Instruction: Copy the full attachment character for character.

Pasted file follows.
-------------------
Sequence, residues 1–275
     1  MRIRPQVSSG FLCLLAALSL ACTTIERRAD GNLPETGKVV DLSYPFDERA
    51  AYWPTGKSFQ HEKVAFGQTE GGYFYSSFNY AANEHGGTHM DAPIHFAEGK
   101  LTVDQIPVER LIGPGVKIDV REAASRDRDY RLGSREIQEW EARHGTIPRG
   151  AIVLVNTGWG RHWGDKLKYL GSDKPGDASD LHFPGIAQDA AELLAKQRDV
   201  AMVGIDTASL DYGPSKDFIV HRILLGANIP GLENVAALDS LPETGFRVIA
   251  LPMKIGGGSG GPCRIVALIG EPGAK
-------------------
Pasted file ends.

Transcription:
Sequence, residues 1–275
     1  MRIRPQVSSG FLCLLAALSL ACTTIERRAD GNLPETGKVV DLSYPFDERA
    51  AYWPTGKSFQ HEKVAFGQTE GGYFYSSFNY AANEHGGTHM DAPIHFAEGK
   101  LTVDQIPVER LIGPGVKIDV REAASRDRDY RLGSREIQEW EARHGTIPRG
   151  AIVLVNTGWG RHWGDKLKYL GSDKPGDASD LHFPGIAQDA AELLAKQRDV
   201  AMVGIDTASL DYGPSKDFIV HRILLGANIP GLENVAALDS LPETGFRVIA
   251  LPMKIGGGSG GPCRIVALIG EPGAK